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Backcountry Boot Fitting: The Tools Used for Fitting Ski Touring Boots

Backcountry Boot Fitting: How to customize your touring boots

Buying new boots is an exciting process, but it can be nerve wracking if they feel a bit 'off' when you first try them on. Fear not, in most cases a boot right off the wall will not be perfect until it is customized to your specific foot shape. Read on to check out our options to make your new boots fit like a dream! We have laid it out in three steps of how you should customize your boots:
1. Heat mold your liner
2. Buy an aftermarket footbed
3. Get a specific boot expansion
Working in this order goes from less to more invasive procedures to get that perfect backcountry fit in your touring boots.

1. Heat Mold

Most alpine touring boots will come stock with a thermo-moldable liner. This is typically the first step to make your new boots fit correctly. With a heat mold, we can get more length, more width, and enhance the heel pocket to eliminate hot spots. We recommend heat molds so often, we include them in every boot purchase!

2. Footbeds

Footbeds are a very important customization to increase comfort and performance. A footbed will support your foot and create a deeper heel pocket, giving you a more snug and responsive fit. Footbeds can eliminate arch pain, crunched toes, ankle hot spots, and width problems.
*Note: You want to get a footbed that fits your arch profile not just your boot size. You can always go larger and trim the excess down.*

3. Boot Punch/Expansion

If you have ankle spurs, heel spurs, bunions, extra-wide feet or any other special foot considerations, a boot punch/expansion may be the cure. A boot punch is a process in which the plastic shell is heated and expanded in specific areas of pressure. Even in touring boots with very thin plastic shells, a properly placed punch can make a huge difference in the comfort of your boot.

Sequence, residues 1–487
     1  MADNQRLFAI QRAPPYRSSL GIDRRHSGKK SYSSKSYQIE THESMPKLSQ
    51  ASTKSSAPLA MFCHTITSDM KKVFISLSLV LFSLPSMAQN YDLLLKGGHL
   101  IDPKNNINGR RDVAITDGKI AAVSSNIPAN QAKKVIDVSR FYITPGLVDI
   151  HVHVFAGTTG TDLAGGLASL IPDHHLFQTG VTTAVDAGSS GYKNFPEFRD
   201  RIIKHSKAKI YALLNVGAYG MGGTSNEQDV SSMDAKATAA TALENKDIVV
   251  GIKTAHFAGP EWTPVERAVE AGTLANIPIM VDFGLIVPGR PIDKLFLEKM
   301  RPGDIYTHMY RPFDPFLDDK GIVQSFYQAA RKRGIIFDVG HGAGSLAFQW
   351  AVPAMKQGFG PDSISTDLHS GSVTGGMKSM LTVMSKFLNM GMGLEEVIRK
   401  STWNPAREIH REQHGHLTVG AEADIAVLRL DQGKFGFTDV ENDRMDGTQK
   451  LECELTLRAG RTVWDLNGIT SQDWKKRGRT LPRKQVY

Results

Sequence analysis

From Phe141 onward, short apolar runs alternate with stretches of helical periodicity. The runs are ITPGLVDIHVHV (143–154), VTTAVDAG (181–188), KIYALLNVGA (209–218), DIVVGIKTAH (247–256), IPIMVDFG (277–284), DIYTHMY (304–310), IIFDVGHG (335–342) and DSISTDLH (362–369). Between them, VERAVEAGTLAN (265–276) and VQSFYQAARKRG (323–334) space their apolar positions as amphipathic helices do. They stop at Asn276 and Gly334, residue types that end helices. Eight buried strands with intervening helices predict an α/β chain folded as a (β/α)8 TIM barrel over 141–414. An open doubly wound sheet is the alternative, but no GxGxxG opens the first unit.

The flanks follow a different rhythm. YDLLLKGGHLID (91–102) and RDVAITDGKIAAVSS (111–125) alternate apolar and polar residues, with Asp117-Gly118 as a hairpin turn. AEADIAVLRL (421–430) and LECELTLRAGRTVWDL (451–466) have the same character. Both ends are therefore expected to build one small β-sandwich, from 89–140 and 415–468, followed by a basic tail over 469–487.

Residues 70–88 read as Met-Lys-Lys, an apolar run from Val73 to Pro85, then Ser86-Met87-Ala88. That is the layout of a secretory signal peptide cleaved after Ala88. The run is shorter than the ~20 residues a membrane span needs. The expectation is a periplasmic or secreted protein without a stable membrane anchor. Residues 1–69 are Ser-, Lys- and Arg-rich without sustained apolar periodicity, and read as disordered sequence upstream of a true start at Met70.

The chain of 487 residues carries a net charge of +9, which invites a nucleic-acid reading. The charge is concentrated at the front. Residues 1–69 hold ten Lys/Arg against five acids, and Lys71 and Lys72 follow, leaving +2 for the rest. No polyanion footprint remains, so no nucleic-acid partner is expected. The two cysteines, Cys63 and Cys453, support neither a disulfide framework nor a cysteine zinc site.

(Other Ideas): Heel Wraps/Extra Padding

Your boots should feel like they are giving your foot a firm handshake around your ankle and instep. If you experience any movement in the heel, your feet will quickly blister. Adding in extra padding to your liner will soak up extra space and lock down your heel. It's typically easier making room in a boot during the boot fitting process, but adding extra padding will further improve particular boot fitting cases.

Don't Forget Socks!

One of the most important boot fit considerations and often the most forgotten is your sock choice. Although you would think a thicker sock would keep your feet warmer and make your boots more comfortable, in most cases the opposite occurs. A thicker sock often leads to blistering and will not increase warmth. We recommend a thin, lightweight touring sock to give you the most secure connection with your boot. If you made the switch to a thinner sock and still have cold toes, check out some more tips to keep them warm on Wildsnow.
Tips for Warmer Toes
Getting your boots to fit comfortably is the most important piece of any ski touring package. Uncomfortable boots have the power to ruin a day and may cause you to skip out on your next tour. Touring is already hard enough, don't add to the struggle by putting your feet through hours of punishment. If you are cursing your boots, set up an appointment with us to get them dialed in!
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